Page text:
Trapholt Art Museum is located on a unique sloping site near Kolding fjord, designed as a park with a summer villa in the 30’s.
The museum is organized around a spatial and circulatory sequence that begins at the entry court, innermost and highest on the site, and culminates in the panorama over the fjord.
A continuous, massive wall acts as the circulatory backbone of the complex, integrating museum and landscape as its sculptural form traverses the contours of the site.
The exhibition spaces are a sequence of interlocking rooms, arranged along one side of the massive wall, so all spaces are accessible.
The exhibition spaces have skylights and windows placed according to exhibition requirements and exterior views.
The special exhibition space for the nine works by Richard Mortensen was designed in collaboration with the artist himself.
Trapholt was expanded with a new wing for the museum’s furniture collection and special exhibitions in 1996. The extension is designed as several independent buildings, placed in the park and connected to the original museum facility.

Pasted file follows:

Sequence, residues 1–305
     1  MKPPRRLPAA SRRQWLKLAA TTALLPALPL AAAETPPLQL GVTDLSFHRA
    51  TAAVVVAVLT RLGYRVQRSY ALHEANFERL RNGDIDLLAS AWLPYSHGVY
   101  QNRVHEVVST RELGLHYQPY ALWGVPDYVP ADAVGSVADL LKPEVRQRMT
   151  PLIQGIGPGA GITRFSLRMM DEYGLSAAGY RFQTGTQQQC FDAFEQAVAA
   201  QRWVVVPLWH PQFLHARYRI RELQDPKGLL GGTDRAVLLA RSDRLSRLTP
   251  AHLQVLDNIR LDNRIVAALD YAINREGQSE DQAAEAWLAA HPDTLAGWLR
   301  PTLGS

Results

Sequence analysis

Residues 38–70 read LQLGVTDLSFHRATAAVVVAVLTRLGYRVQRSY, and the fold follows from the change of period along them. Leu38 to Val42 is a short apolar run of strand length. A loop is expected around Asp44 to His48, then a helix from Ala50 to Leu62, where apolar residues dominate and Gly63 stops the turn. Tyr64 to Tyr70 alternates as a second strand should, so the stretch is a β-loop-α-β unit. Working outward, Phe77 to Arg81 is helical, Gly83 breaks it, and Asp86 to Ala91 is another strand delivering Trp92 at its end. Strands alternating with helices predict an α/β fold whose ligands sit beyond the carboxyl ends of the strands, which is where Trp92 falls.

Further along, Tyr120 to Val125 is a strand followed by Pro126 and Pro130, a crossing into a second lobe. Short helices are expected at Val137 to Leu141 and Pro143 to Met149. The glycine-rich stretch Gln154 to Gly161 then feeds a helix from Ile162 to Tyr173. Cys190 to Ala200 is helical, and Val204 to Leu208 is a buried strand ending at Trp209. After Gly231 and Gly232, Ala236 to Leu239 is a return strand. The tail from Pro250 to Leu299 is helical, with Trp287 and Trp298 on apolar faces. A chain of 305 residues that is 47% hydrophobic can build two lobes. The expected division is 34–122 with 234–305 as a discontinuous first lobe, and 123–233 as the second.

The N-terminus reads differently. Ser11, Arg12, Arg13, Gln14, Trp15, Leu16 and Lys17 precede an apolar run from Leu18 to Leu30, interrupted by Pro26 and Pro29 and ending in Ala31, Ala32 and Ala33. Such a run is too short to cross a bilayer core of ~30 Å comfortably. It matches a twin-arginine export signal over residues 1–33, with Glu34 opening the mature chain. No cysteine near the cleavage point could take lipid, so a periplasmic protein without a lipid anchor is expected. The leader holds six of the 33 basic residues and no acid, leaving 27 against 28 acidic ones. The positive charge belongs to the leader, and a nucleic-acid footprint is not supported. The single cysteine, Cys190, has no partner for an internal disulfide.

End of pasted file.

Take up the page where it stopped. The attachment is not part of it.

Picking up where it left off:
A high-ceilinged, circular exhibition space with skylights gives access via a curved ramp to a square exhibition space below the ground, shaped around an underground atrium courtyard, allowing daylight into the exhibition.
The museum’s original foyer and café have been expanded in connection with the extension, and the strong, sculptural wall demarcating the museum from the park has been lengthened.
The movement of the wall allows glances between the old and new sections of the museum.
7.000 m² / 2000 m²
First stage: Boje Lundgaard & Bente Aude
Second stage: Lundgaard & Tranberg Architects
1st prize won in design contest 1982
Construction period: 1987-88 / 1995-96
Awarding of prizes:
EU's Helios Prize 1990
Kolding Municipality 1998